Maryland-based life sciences company BD Diagnostic Systems is at the forefront of an emerging, important trend: employing a neurodiverse staff and encouraging other businesses to follow suit, to help current and future generations of individuals with neurodiverse traits find employment.
Inclusion and diversity are a company-wide initiative, explains Pablo Pineyro, vice president of human resources for BD Diagnostic Systems. “We believe neurodiversity is not only critical for innovation— diverse employees can better serve a diverse customer population—but also important in terms of being an ethical employer.”
Several of BD Diagnostic Systems’ employees have autism. “They bring a wide range of abilities to our workplace, are eager to work hard and are really focused on what they do,” Pablo says. “Their fellow employees see their amazing work ethic, and this creates a good workplace culture, while challenging the traditional thinking of diversity in terms of only gender and race.”
Last fall, BD Diagnostic Systems was the primary sponsor of Kennedy Krieger Institute’s inaugural halfday conference on neurodiversity in the workplace. More than 120 attendees, including human resources professionals and local business leaders, learned about creating employment opportunities for individuals with neurodiverse traits. A larger, national conference is planned for later this year.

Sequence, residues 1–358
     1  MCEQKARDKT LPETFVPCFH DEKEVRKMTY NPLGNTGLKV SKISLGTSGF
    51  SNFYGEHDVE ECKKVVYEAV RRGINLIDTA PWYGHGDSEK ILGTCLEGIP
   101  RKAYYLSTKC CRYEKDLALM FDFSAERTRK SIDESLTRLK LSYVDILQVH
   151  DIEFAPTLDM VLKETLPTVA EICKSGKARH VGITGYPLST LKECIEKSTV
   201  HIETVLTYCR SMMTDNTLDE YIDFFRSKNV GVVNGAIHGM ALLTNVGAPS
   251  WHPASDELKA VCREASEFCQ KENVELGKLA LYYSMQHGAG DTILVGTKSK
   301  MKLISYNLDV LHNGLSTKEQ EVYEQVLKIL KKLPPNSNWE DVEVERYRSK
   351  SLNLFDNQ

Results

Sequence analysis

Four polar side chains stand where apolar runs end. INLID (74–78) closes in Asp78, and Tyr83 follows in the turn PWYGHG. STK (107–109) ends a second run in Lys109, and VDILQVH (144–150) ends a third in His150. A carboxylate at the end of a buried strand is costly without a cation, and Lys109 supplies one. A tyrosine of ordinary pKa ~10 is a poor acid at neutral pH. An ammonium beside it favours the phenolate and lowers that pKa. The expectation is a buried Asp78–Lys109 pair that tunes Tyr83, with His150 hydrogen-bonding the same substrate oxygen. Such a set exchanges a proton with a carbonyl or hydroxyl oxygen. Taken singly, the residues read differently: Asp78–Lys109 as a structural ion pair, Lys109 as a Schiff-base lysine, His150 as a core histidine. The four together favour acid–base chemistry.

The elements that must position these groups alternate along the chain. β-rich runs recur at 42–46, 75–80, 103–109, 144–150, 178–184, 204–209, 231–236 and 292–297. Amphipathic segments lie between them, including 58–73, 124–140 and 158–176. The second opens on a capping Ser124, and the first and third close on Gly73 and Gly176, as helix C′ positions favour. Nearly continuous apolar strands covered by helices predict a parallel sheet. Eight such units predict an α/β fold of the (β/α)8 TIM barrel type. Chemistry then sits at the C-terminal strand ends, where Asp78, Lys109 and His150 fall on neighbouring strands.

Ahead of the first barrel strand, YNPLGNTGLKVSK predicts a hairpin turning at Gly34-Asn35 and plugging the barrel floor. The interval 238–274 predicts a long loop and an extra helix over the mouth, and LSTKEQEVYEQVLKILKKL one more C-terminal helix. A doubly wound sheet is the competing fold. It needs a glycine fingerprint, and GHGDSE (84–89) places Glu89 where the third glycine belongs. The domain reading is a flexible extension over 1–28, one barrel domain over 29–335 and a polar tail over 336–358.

“The conference absolutely created awareness around neurodiversity in the workplace—what individuals with neurodiverse traits can bring to the table, and what the roles are that businesses can play in encouraging neurodiversity in the workforce,” explains Dave Hickey, worldwide president of BD Diagnostic Systems.
“We’re eager to support reaching an even wider audience in 2019.”
This wasn’t BD Diagnostic System’s first time supporting Kennedy Krieger. The company is a long-time sponsor of the Institute’s annual Festival of Trees and ROAR for Kids fundraisers.
“We’re a healthcare company. We look for partners in the healthcare field who are committed to diversity, are community-based, and are rooted in science, technology, engineering and mathematics,” Pablo explains. “When we find an organization like Kennedy Krieger that combines all of those factors, that’s our sweet spot, and it’s where we want to invest our time and resources to help make the world a better place.”
Visit the Neurodiversity at Kennedy Krieger site to learn more about the Institute’s neurodiversity initiative.